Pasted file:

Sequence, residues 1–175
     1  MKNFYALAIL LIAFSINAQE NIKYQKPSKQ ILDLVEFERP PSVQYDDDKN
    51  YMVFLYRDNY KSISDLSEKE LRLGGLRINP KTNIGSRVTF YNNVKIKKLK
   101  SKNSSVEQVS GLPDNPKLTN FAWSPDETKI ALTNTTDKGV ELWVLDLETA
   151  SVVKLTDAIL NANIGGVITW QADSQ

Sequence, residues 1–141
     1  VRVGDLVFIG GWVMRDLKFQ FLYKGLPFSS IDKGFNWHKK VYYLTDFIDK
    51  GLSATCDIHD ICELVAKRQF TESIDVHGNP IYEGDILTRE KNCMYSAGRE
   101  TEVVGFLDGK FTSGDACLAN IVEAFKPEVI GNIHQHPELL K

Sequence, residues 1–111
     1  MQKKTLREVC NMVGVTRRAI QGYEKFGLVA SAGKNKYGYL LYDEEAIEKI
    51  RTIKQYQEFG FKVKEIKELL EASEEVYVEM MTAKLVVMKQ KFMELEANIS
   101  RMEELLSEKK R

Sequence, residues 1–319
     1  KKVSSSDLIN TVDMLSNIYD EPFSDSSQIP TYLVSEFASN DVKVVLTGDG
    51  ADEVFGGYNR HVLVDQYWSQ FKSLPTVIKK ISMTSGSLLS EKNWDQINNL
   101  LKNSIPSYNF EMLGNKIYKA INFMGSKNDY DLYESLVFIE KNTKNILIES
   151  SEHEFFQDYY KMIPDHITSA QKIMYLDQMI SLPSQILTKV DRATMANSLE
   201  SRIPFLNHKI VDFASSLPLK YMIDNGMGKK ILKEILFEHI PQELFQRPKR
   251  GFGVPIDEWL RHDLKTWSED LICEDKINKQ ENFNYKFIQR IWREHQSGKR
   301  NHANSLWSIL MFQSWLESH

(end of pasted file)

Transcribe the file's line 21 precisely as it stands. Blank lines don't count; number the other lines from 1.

   301  NHANSLWSIL MFQSWLESH